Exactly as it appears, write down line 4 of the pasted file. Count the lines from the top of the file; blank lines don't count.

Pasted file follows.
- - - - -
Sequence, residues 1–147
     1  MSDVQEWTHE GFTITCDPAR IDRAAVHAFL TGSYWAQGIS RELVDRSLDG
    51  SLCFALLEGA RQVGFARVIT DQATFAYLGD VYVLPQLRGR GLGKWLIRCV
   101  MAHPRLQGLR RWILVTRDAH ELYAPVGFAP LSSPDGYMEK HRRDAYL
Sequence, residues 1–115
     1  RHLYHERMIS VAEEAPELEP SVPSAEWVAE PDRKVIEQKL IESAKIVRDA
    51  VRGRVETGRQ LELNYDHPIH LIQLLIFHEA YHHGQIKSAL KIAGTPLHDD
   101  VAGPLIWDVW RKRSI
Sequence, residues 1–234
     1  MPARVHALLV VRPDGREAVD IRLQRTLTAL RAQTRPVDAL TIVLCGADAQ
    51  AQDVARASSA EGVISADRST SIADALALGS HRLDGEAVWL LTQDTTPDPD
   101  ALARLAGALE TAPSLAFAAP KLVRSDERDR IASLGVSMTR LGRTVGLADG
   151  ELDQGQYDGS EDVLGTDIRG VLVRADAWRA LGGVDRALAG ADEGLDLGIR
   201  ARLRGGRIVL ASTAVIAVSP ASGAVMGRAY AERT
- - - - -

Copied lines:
   101  MAHPRLQGLR RWILVTRDAH ELYAPVGFAP LSSPDGYMEK HRRDAYL